Bill of Rights
Anna Deavere Smith: This is one of the original, official copies of what would become the Bill of Rights—the first ten amendments to the United States Constitution. In 1789, President Washington sent a copy to each of the original 13 states for approval.
Look closely and you’ll notice there are 12 amendments listed here, not ten; the first two were actually rejected at that time. It might be surprising that our precious First Amendment rights—freedom of religion, freedom of the press, the right to peaceably assemble, and the right to petition the government—were originally listed third.
Today, the Bill of Rights is the cornerstone of American civil liberties. But in 1789, many political leaders weren’t sure a bill of rights was necessary—or even a good idea. Even James Madison, the drafter of the bill, was initially ambivalent. But he came to see the usefulness of a bill of rights: not only to appease those worried about a federal government with too much power over the states, but also in providing extra protection for individual freedoms, or as he put it, “additional guards in favour of liberty.”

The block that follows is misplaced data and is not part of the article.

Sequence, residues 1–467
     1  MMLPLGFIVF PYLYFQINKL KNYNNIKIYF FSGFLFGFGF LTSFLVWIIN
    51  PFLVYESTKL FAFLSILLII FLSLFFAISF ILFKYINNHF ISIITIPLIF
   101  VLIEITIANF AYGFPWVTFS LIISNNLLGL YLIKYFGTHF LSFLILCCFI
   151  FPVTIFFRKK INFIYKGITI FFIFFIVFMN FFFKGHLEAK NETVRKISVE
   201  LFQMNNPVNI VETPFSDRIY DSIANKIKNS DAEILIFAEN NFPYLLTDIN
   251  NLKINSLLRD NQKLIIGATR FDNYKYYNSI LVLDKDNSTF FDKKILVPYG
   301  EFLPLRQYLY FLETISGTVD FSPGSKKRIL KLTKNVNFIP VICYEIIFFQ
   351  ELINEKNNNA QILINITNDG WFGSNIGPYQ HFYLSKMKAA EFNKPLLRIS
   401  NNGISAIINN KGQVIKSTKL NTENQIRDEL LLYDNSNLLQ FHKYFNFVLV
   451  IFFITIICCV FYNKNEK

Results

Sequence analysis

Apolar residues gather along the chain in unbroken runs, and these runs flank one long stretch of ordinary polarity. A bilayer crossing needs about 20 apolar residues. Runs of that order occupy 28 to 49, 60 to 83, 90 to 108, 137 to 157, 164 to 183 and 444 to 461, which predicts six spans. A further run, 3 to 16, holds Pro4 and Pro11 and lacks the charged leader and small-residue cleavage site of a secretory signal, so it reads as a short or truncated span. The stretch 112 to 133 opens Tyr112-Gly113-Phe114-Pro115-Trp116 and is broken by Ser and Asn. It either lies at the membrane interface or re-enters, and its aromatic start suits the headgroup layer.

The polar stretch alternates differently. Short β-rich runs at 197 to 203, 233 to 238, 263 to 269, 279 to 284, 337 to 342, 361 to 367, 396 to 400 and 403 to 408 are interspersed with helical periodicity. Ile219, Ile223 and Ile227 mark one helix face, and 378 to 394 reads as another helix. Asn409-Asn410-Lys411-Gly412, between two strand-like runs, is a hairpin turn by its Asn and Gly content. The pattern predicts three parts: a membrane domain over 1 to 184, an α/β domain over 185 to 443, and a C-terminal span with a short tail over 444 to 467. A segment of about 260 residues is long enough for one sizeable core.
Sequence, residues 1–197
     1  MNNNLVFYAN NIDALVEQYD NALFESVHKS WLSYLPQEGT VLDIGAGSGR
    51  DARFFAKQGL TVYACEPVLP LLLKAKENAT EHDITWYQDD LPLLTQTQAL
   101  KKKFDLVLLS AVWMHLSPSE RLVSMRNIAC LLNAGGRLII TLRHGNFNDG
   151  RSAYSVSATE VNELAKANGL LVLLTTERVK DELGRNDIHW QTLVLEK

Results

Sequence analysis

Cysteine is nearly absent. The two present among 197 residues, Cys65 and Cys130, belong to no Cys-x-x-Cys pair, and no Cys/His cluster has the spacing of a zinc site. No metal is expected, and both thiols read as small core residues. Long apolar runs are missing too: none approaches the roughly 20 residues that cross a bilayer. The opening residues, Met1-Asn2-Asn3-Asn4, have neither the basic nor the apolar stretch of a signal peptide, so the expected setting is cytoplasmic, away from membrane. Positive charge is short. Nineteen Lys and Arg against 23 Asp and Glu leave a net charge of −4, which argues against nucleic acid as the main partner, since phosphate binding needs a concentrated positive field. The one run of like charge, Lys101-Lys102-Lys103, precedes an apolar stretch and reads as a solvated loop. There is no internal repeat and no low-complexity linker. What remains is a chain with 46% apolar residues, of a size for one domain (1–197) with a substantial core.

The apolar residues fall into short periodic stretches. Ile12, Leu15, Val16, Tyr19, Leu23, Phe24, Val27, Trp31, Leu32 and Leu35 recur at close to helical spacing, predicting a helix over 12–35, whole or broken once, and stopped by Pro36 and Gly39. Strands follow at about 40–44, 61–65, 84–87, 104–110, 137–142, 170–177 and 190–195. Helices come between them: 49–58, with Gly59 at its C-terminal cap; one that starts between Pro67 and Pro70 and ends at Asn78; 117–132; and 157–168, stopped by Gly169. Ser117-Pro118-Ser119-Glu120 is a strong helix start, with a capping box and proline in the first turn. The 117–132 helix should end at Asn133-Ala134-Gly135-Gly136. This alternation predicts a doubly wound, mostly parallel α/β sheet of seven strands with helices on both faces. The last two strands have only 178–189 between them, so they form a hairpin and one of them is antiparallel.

Of course it’s taken centuries of agitation and sacrifice by many for those “guards” to come closer to working for everyone, regardless of race, sex, or circumstance. But it’s the Bill of Rights that enabled the Constitution to become a living document, adaptable to changing times, and a more inclusive notion of "We the People."
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We gratefully acknowledge the editorial guidance of Dr. Carol Berkin of the City University of New York and Dr. Mark Boonshoft of Duquesne University.
No copyright: United States